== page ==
Views From the Floor – What Rising Oil Prices Mean for Global Growth

Will the higher oil prices drive the global economy into recession?; and is now a good time to buy emerging-market stocks?

What Rising Oil Prices Mean for Global Growth

Oil prices have been on a wild ride. Russia’s invasion of Ukraine caused Brent crude prices to spike to nearly USD140/barrel, before slumping (Figure 1). Even with the recent decline, crude oil prices are about a third higher than the start of the year.

What does the rise in oil prices mean for global growth? We look at two indicators: the cost of crude oil and terms of trade.

The global cost of crude oil now represents 6% of global GDP, the highest level since the Global Financial Crisis (Figure 2). In addition, the 12-month change in the spending is the most since the Oil Shock, which began in late 1973 (Figure 3). It is worth noting that of the seven recessions experienced since the 1970’s (shaded in grey in Figure 3), four of them have coincided with 12-month spikes in crude oil spending of more than 2% of GDP.

Separately, both the Eurozone and China have seen their terms of trade (calculated as import prices less export prices) deteriorate the most since the mid-1990’s (Figure 4). This isn’t entirely surprising: after all, China and Europe are among the world’s largest energy importers (Figure 5). Both of these regions account for nearly a third of global GDP, and would thus have implications for global growth should the high energy prices persist, causing a sharp slowdown in these two regions.

Figure 1. Oil Prices Have Had a Wild Ride Since Start of Year

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Source: Bloomberg: as of 18 March 2022.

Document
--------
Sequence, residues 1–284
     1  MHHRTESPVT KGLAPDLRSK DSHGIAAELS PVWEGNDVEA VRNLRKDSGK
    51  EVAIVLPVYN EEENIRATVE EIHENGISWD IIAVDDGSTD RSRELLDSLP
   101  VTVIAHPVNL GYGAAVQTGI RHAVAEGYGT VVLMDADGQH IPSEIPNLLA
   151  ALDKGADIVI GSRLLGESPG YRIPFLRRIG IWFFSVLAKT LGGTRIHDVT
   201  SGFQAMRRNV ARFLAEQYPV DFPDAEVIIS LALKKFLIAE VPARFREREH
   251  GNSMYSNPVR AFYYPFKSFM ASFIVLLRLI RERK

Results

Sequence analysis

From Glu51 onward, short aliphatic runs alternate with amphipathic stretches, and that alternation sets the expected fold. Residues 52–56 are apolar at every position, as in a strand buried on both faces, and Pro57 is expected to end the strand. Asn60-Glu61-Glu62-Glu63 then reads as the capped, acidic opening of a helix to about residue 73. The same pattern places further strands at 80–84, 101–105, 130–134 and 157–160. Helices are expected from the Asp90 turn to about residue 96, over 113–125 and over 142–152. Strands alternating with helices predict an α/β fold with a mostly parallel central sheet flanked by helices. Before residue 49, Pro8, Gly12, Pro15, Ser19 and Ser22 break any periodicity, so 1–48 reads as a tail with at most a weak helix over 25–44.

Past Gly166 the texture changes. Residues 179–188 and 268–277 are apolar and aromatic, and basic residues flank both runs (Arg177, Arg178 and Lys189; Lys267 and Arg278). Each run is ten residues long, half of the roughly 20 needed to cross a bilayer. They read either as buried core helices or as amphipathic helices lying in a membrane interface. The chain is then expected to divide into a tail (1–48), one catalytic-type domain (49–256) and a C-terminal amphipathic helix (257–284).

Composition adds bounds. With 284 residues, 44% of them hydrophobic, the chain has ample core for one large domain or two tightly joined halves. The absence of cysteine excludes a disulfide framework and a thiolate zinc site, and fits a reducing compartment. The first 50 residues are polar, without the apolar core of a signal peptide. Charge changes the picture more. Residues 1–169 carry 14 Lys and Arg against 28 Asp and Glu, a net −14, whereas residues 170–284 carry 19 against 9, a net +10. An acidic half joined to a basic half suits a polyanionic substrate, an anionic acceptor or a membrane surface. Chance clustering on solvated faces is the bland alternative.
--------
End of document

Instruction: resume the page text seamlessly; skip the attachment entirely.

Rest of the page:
Figure 2. Global Crude Spending as a Percentage of GDP

Source: Bloomberg, Man GLG; as of 15 March 2022.

Figure 3. 12-Month Change in Global Crude Spending as a Percentage of GDP

Source: Bloomberg, Man GLG; as of 15 March 2022.

Figure 4. Eurozone and China Terms of Trade

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Source: Bloomberg; as of 17 March 2022.

Figure 5. China and Europe Are the World’s Largest Oil Importers

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Source: BP Statistical Review of World Energy 2021; as of 2020.

What Happens When Emerging Markets Throw in the Towel?

With the ongoing coronavirus infections rates soaring, renewed lockdowns and the Russia/Ukraine war, the case for investing in emerging markets stocks has rarely looked bleaker. Indeed, EM capitulation signals – which isolate periods of extreme negative price movements in the MSCI EM Index – have fired for the first time since 2019 (Figure 6).

Historically, these capitulation signals have been positive for emerging markets: a year after a capitulation signal, the index showed a mean return of 29%, with a 94% hit rate (Figure 7).

There are exceptions to this rule, notably the Global Financial Crisis, when there were a series of capitulation signals before the MSCI EM Index started rising again. In addition, our analysis does not go far enough back to include the oil shock of 1973, which might provide a good comparison for the current situation.

Nevertheless, we see the capitulation trigger as a cause for optimism: history tells us that EM equity returns tend to be strongly positive from here on out.

Figure 6. EM Capitulation Signals Have Started Firing…

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Source: Man GLG, Bloomberg; as of 14 March 2022.

Figure 7. …Which Have Historically Been Positive for Forward Returns in the MSCI EM Index

Source: Man GLG, Bloomberg; as of 14 March 2022.

 

With contribution from: Ed Cole (Man GLG, Managing Director – Discretionary Investments)